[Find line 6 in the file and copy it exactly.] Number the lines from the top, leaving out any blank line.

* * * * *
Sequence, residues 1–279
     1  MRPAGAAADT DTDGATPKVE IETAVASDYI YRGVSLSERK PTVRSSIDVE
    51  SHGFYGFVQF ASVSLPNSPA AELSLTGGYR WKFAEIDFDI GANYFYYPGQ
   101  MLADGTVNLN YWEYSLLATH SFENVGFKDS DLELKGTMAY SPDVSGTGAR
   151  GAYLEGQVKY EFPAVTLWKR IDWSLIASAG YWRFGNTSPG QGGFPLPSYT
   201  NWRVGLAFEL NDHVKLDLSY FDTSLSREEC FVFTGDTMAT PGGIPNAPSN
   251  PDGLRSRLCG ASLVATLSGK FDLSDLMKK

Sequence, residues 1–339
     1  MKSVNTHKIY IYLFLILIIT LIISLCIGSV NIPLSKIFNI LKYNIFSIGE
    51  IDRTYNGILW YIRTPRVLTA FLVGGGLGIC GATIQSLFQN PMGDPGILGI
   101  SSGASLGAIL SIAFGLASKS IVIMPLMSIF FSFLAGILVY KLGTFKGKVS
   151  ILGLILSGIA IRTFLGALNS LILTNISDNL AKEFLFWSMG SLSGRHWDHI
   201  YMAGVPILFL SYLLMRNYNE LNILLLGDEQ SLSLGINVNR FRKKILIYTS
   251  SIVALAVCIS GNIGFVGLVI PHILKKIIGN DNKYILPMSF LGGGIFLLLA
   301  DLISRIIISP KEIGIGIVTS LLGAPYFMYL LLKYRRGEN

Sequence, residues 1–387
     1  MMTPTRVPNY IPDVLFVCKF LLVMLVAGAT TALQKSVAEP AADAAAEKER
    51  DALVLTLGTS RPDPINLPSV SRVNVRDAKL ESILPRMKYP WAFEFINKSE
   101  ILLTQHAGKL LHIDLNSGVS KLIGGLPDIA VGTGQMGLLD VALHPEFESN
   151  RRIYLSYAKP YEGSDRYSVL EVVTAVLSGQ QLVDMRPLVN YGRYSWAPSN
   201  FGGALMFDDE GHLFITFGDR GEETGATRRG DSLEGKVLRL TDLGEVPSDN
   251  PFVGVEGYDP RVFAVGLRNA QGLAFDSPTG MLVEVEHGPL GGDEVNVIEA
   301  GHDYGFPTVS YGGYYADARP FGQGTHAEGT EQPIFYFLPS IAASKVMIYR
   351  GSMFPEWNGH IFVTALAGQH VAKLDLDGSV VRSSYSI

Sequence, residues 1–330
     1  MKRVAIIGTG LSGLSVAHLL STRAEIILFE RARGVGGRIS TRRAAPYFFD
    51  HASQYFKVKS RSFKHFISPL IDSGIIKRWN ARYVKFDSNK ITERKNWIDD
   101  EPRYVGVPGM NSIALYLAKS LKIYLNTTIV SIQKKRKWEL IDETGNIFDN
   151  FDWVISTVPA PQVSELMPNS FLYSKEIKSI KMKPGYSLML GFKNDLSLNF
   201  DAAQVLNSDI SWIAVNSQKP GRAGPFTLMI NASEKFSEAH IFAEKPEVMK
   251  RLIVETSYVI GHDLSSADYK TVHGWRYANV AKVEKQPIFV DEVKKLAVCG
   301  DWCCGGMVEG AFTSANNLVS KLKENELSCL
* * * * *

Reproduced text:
   201  NWRVGLAFEL NDHVKLDLSY FDTSLSREEC FVFTGDTMAT PGGIPNAPSN